So, all I can say is you can play as long as the ball bounce and don't rush to get the ball. Watch your steps carefully.
 

newpball

Legend
Once I played with my friend while it was raining hard.
It was not a match so it didn't matter but we were rallying so well so we didn't want to stop. The court has pool of water and the ball was drenched but it was still bouncing.
So, all I can say is you can play as long as the ball bounce and don't rush to get the ball. Watch your steps carefully.
Lol, it is a great way to practice your heavy ball.
 

HughJars

Banned
Hmm. So we ended up playing last night. Turns out it rained everywhere but in the suburb where the courts were, and everything was dry.

We got to one game all in the first set, I played a shot that pushed my mate off the court a bit, but in getting it back he badly sprained his ankle! So early night in the end. And this was in a brand new pair of Nike Zooms (same as Federer wore for the FO) that I got for him for his recent 30th birthday!
 

thehustler

Semi-Pro
I played with a buddy one time when the weather was nice. Then it started to rain, really rain, but we were too into the match to stop, so we kept on playing. The storm passed and we kept playing all the way until the court dried. It was fun. We went from light fluffy balls, to water logged balls that hit with the right amount of spin could get in your opponent's eye, to light and fluffy again. I don't remember the score, but I do remember having a lot of fun that day.
 

Overdrive

Legend
Why would you want to play when the surface is wet? That messes up the ball and increases the chance of injury if you take a misstep. Don't forget it ruins natural gut!
 

thehustler

Semi-Pro
Why would you want to play when the surface is wet? That messes up the ball and increases the chance of injury if you take a misstep. Don't forget it ruins natural gut!
Playing when it is wet forces you to rethink things. Are you going to chase down a shot when you're pulled off the court? Probably not. Are you going to use more spin, more angles and perhaps better tactics? Yep. I've found short angled shots, even drop shots on a wet court can win easy points. Usually your opponent doesn't want to risk injury either so they don't track them down. It's a good time to develop your game and come up with a plan B.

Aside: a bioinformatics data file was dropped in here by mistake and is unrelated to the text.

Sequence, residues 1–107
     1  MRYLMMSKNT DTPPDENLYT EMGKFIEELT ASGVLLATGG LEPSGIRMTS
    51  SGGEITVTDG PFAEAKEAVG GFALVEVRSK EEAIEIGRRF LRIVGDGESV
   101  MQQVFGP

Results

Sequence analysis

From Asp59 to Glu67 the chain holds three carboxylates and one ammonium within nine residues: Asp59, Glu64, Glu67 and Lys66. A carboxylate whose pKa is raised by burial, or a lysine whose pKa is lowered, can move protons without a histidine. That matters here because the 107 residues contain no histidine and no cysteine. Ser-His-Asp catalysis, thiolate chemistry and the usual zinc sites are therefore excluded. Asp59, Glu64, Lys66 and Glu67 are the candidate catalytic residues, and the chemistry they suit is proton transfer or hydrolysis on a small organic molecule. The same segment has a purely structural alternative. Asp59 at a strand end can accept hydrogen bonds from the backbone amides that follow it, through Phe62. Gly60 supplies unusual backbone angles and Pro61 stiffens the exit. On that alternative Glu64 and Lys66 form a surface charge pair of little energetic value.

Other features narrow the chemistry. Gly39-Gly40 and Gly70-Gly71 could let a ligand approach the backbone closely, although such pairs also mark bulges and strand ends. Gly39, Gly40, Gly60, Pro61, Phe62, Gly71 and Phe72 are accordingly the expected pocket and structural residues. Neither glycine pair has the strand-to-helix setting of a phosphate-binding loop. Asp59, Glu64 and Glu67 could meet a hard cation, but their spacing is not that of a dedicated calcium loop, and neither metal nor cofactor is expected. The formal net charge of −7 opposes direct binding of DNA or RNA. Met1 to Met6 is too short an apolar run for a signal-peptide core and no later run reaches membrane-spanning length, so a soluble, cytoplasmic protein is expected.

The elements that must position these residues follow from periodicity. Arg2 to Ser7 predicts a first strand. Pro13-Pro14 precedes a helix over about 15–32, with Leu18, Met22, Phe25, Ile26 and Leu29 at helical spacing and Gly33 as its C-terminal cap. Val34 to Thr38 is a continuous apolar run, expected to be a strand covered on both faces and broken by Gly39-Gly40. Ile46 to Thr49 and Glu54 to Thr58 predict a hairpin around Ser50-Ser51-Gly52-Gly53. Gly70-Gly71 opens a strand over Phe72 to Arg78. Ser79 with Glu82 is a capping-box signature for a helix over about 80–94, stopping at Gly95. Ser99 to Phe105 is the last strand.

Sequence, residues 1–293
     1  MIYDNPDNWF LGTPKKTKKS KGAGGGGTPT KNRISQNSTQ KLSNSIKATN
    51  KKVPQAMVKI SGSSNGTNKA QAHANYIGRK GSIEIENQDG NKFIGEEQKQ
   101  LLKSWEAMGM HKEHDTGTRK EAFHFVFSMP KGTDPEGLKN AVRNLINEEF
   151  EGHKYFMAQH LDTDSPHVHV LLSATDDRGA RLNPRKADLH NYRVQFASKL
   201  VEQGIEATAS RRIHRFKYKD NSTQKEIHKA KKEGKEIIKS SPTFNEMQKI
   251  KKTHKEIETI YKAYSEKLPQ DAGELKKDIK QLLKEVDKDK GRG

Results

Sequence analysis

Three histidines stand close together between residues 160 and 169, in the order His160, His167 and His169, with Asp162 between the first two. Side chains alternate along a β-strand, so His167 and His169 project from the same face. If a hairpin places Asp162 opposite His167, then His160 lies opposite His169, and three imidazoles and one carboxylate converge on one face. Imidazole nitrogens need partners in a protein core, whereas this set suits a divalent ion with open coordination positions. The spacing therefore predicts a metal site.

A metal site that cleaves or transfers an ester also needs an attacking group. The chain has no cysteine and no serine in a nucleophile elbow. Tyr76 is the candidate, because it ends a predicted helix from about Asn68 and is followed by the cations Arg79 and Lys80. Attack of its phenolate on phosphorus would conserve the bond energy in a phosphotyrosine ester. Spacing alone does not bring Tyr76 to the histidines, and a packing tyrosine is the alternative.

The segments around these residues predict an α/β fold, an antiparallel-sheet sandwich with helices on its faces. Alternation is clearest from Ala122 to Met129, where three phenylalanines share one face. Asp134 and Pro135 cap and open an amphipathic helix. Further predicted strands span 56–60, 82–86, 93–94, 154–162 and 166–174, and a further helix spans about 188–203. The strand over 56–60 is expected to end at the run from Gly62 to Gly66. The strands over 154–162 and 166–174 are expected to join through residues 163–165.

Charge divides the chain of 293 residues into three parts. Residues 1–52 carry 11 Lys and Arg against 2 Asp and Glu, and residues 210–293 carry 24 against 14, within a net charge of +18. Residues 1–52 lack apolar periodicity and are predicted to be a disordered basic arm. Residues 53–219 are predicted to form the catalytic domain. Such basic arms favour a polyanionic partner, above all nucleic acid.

Ronaldo

Bionic Poster
Playing when it is wet forces you to rethink things. Are you going to chase down a shot when you're pulled off the court? Probably not. Are you going to use more spin, more angles and perhaps better tactics? Yep. I've found short angled shots, even drop shots on a wet court can win easy points. Usually your opponent doesn't want to risk injury either so they don't track them down. It's a good time to develop your game and come up with a plan B.
Got to be young.
 

Jay_The_Nomad

Professional
Hmm. So we ended up playing last night. Turns out it rained everywhere but in the suburb where the courts were, and everything was dry.

We got to one game all in the first set, I played a shot that pushed my mate off the court a bit, but in getting it back he badly sprained his ankle! So early night in the end. And this was in a brand new pair of Nike Zooms (same as Federer wore for the FO) that I got for him for his recent 30th birthday!
Got to be young.
And trim and not fat. How are things in Rio? Still enjoying your food?
 

brokenRPM

Rookie
When do you decide that its not worthwhile going down the courts to play cos of the rain?

Am scheduled to play tonight, but its been raining off and on all day. Im desperate to play, but the hardcourts will be at least be partially wet.

Im pretty sure the artificial courts will be unplayable and too slippery.

When do you decide thats its too wet to play? Anyone play on wet hardcourts?
i think you should set an easier indicator. let the weather.com people decide. if it's over 80% rain the next day, cancel the match. that way it's not your fault.

i would not mess with injuries on the court. your best friend can tear his/her meniscus.